College is expensive.
Learn about your options to pay for it.
College costs are more than just the price of tuition. Living arrangements, books and meals can raise the sticker price.
Take control and track your expenses using our new Student Budgeting Calculator.
Comparing your college costs and creating a personal budget has never been easier.
Explore our college planning guide to learn the information you need to start off strong.
Financial aid is any money used to pay for college, whether it's earned by you, given to you, or you borrow it through a student loan.
Getting Financial Aid starts with completing the Free Application for Federal Student Aid (FAFSA).
FAFSA is the first step in applying for many forms of financial aid. Every student should complete the application prior to entering college and re-apply for financial aid each year enrolled in school.
Submit the application even if you don’t think you would qualify for federal financial aid. You cannot borrow through the Direct or PLUS loan programs without completing the FAFSA.
To complete and submit your FAFSA online, you must create a U.S. Department of Education FSA ID. The FSA ID will serve as your electronic signature. You can fill out the FAFSA online and create a FSA ID atfafsa.gov.
Use the checklist in our college planning guide to help manage FAFSA timelines and requirements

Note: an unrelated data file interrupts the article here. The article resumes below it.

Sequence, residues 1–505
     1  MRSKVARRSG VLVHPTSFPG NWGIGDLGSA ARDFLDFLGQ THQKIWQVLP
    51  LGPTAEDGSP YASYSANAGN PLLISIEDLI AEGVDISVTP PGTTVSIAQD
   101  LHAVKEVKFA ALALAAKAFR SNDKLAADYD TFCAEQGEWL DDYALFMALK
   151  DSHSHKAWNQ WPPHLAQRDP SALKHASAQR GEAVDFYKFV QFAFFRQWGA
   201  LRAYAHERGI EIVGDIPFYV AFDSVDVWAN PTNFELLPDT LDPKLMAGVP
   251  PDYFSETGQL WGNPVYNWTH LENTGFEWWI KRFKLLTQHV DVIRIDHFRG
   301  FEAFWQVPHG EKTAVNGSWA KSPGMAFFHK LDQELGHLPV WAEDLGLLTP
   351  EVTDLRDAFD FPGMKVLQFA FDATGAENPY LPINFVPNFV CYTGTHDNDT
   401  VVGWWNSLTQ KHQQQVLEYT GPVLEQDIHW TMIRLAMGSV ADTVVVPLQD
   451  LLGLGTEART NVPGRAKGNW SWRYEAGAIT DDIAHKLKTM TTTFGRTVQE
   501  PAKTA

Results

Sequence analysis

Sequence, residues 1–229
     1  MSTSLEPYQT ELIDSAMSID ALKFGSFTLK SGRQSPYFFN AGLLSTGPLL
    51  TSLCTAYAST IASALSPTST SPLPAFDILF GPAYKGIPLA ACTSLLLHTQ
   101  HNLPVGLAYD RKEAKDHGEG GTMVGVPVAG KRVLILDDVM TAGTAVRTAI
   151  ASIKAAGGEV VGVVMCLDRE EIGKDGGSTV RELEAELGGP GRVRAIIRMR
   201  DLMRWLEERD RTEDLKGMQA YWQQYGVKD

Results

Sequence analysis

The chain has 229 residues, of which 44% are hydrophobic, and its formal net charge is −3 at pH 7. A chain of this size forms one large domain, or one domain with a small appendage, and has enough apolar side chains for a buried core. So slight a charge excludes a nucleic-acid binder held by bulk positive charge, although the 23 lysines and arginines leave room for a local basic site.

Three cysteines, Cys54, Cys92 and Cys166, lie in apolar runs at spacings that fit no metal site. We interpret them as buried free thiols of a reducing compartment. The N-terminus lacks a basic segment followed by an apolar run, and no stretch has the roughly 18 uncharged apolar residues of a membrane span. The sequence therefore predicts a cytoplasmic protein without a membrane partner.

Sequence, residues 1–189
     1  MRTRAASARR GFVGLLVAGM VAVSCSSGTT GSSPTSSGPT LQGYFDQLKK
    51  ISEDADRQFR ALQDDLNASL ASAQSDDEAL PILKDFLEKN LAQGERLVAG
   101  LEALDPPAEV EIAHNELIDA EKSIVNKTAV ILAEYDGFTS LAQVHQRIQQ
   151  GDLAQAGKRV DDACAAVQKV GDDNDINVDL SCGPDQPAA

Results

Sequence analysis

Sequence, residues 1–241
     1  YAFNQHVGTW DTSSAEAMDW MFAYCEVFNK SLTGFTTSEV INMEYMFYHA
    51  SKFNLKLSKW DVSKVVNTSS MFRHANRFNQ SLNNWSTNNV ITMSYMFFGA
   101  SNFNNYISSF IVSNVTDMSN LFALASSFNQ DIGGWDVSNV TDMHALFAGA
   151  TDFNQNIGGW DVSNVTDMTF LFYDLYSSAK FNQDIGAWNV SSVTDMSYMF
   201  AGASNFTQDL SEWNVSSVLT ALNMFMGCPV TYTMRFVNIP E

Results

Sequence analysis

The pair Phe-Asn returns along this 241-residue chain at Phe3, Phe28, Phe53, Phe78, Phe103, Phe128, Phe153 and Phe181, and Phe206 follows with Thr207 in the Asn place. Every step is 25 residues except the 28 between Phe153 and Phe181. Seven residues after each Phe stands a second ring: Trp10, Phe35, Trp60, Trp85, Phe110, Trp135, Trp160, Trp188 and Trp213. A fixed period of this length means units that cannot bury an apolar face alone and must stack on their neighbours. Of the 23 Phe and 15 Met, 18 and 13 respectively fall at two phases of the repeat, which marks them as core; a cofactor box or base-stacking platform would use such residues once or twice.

Federal Student Aid Information Center (FSAIC)
Monday - Friday: 8:00 a.m. to 12:00 a.m. ET
Saturdays: 9:00 a.m. to 6:00 p.m. ET
FAFSA on the Web
The government offers a detailed, question-by-question guide to filling out the paper and online FAFSA
Financial knowledge and help with finances can improve your college experience. Here's a chance for Undergraduate students to get both. Learn more » 
In addition to regular interest-bearing savings accounts, college savings plans are available to help you increase how much you can save and contribute towards funding an education.
529 plans allow you to save for higher education for a named beneficiary or prepay future tuition in today's dollars, and can offer significant tax advantages. Parents, grandparents, siblings, uncles, aunts or friends can establish them. You can even set up a plan for yourself as long as the plan is designated for education funding needs.
A Coverdell Education Savings Account (CESA), formerly known as an Education IRA, is designed to help you set aside money for the qualified education expenses of your children, grandchildren or any other eligible beneficiaries. You cannot deduct contributions on your tax return, but the earnings are not taxed while they are held in the account.
When your child is ready to head to college, distributions from this account will be tax-free if they're used to pay qualified education expenses. These funds may also be used to save for elementary and secondary education.
A custodial account under the Uniform Gifts to Minor Act (UGMA) and Uniform Transfers to Minor Act (UTMA) is another way to save for your child's future higher education needs. Although not tax advantaged - earnings and withdrawals may be subject to your child's tax rate - custodial accounts allow you to contribute as much as you like and give you maximum control over investment choices and decisions.